I want to find the circle which exclusively touches 3 other circles.

This is essentially the classic problem of Apollonius. I use the following equation to find the center of that circle and its radius:

$\left( \begin{matrix} 2(x_2 -x_1) & 2(y_2 - y_1) & 2(r_2 -r_1) \\ 2(x_3 -x_2) & 2(y_3 - y_2) & 2(r_3 -r_2) \\ 2(x_1 -x_3) & 2(y_1 - y_3) & 2(r_1 -r_3) \end{matrix} \right) \cdot \left( \begin{matrix} x_s \\ y_s \\ r_s \end{matrix} \right) = \left( \begin{matrix} x_2^2 -x_1^2 +y_2^2-y_1^2+r_1^2-r_2^2 \\ x_3^2 -x_2^2+y_3^2-y_2^2+r_2^2-r_3^2 \\ x_1^2 - x_3^2 +y_1^2-y_3^2 +r_3^2-r_1^2 \end{matrix} \right) $

where $x_s , y_s$ and $r_s$ are the coordinates of the center point and the radius of the solution circle. The other points are the coordinates and the radii of the other three circles respectively.

So basically this is a system of equations of the form:

$ A \cdot x = B$

with the solution

$x = A^{-1} \cdot B$

If I use three circles with equal radius this system is suddenly not solvable anymore, as the last column in A becomes 0 and $det A = 0$.

But there is clearly a unique solution or am I wrong here? Keep in mind, it is only about exclusively touching circles and only about the problem with 3 circles.

So what am I doing wrong here?

  • $\begingroup$ In general, Apollonius' problem has eight distinct solutions. In the particular case of congruent circles, two of those solutions are identical, so there are only seven distinct solutions. The midpoint of the double solution is in this case exactly the circumcenter of the three circles' midpoints. Can you figure out why this is? $\endgroup$ – Anon Jul 18 '16 at 13:36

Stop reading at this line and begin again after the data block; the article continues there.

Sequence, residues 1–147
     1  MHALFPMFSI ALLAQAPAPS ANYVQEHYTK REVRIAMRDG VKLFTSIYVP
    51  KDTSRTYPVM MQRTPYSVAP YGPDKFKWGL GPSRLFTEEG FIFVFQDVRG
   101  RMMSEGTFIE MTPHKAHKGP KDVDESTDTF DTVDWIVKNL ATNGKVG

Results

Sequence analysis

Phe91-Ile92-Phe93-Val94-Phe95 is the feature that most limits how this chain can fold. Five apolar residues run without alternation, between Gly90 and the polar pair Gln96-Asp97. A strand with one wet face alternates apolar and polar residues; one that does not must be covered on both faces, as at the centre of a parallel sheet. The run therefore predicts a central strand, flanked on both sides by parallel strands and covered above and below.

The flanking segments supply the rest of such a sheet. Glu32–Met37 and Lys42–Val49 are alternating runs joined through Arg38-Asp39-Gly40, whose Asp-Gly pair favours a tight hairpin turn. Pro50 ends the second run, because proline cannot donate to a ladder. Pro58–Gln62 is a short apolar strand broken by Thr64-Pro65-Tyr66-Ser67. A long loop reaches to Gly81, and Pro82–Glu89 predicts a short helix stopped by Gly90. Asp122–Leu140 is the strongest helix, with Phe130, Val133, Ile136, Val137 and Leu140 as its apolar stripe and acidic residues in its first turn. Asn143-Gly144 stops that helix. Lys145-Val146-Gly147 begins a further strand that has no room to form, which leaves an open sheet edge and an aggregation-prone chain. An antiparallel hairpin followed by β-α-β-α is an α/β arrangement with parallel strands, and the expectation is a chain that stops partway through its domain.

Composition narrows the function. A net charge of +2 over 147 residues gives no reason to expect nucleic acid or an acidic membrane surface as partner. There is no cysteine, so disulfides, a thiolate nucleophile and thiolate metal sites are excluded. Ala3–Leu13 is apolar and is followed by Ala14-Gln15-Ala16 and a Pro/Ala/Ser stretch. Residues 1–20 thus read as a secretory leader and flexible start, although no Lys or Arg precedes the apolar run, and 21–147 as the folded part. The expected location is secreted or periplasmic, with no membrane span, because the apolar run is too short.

• $\begingroup$ I guess its because in that case they form a triangle, in which the circle centers being the triangle points. The point with equal distance from each of these points is the centroid of the triangle. $\endgroup$ – FreddyKay Jul 18 '16 at 13:40
  • $\begingroup$ And it's clear why the center of the double solution has equal distance from each of the circle centers? $\endgroup$ – Anon Jul 18 '16 at 13:43
  • $\begingroup$ I understand, that the center of the solution circle has to be at equal distance from the other circles as they are congruent. In which case the exclusion circle and the inclusion circle share the same center. Which is why I do not get a unique solution for the above equation? $\endgroup$ – FreddyKay Jul 18 '16 at 13:49

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